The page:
Between 2014 and 2015 Sankofa Fine Art Plus received grants to create a mural in Glenville. Our initial plan was to install a monumental sized mural of Superman on East 105th Street because the comic book character’s creator grew up in the area. The social-economic realities of the community however, determined the project should take a different direction.
The prominent issue that captured the community’s attention at the time was the indiscriminate killing of unarmed black men and boys by police officers. The murder of Trayvon Martin, Tamir Rice, and the Black Lives Matter movement spoke more to the community’s conscious outrage than the fact that Glenville was the historical home of a comic book hero.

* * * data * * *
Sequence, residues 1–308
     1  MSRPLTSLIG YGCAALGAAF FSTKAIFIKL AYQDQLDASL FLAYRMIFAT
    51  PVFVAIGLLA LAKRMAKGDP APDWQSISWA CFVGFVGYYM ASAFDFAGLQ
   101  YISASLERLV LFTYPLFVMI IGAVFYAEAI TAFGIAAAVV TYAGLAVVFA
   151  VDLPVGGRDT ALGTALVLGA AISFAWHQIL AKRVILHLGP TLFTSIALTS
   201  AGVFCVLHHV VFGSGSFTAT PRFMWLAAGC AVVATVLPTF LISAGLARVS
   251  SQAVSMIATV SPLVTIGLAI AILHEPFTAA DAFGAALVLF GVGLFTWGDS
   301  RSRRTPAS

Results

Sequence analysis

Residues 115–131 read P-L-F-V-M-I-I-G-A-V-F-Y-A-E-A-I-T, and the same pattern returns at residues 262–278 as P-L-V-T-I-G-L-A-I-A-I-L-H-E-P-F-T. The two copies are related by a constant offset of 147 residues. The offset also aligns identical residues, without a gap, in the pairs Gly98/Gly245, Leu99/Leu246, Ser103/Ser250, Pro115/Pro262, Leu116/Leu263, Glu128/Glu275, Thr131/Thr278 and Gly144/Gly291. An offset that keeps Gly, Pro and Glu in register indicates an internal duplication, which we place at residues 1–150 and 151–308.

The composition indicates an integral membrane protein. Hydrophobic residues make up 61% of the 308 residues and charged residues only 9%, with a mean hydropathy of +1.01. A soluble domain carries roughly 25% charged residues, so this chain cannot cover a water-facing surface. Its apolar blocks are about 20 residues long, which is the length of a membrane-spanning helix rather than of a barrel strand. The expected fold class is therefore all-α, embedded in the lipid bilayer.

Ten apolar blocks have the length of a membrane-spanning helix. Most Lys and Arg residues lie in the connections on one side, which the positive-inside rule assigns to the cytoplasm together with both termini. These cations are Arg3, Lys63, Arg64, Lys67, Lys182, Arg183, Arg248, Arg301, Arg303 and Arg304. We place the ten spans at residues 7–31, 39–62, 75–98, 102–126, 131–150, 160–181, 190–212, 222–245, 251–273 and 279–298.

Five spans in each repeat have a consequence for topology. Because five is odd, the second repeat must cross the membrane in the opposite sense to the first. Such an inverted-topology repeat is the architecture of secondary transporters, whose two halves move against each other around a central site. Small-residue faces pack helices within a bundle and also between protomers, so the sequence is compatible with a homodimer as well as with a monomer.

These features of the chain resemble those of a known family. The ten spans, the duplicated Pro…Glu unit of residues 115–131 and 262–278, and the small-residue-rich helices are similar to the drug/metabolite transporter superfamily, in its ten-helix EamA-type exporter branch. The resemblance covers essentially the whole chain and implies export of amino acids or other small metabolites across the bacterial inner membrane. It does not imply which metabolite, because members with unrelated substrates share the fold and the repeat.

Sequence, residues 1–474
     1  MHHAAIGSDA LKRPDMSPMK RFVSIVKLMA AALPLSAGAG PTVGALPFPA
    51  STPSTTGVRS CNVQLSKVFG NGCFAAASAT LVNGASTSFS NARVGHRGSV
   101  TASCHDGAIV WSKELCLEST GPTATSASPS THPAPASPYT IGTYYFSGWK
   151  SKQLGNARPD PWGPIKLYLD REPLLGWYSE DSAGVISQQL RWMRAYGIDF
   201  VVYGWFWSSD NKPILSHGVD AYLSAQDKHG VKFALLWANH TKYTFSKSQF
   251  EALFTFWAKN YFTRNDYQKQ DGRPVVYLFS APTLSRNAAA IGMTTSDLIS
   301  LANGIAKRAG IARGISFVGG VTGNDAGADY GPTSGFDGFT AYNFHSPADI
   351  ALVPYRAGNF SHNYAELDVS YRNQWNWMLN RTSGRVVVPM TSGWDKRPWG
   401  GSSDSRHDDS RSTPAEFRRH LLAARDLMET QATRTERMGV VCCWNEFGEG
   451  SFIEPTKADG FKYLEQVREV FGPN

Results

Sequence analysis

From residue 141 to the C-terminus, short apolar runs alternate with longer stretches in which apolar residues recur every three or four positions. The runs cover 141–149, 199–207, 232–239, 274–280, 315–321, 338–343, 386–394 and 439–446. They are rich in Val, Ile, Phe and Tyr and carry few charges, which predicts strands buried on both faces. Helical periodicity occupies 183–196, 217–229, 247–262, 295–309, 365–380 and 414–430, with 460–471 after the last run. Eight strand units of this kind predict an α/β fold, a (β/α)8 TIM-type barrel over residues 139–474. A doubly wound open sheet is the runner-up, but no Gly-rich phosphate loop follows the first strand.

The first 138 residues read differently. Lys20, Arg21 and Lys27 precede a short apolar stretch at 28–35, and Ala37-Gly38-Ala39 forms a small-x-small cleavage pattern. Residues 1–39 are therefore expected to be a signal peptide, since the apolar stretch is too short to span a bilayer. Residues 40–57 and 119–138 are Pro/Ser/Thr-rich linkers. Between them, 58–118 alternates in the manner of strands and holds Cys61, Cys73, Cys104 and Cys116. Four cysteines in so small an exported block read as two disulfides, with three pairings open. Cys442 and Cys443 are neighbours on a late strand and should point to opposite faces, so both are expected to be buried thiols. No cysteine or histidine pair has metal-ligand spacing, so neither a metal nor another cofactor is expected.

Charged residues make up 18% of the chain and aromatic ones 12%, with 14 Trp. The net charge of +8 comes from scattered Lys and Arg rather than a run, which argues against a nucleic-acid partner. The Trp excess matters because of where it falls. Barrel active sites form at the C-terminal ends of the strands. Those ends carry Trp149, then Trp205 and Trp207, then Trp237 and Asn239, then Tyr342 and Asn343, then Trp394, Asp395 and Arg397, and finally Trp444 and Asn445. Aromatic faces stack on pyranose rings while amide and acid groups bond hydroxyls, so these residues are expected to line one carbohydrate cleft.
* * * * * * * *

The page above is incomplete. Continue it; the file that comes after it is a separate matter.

Sankofa Fine Art Plus artists, Gary Williams and Robin Robinson, worked to create a composition that captured the community’s frustration with the mainstream media’s attempted justification of Trayvon Martin’s murder because the youth was wearing a hoodie. The hoodie became a de facto symbol of racial profiling of young black males.
While the Glenville resident’s response to the image created by Williams and Robinson was overwhelmingly positive, there was some push back on using the name of the organization, Black Lives Matter, on the mural’s placard. The word “Black” was replaced by “Our” to everyone’s satisfaction and the hoodie being worn by both the father figure and the little girl illustrated its harmlessness.
Nearly two hundred (200) people attended the unveiling on November 29, 2015 in support of the message and the solidarity of the community.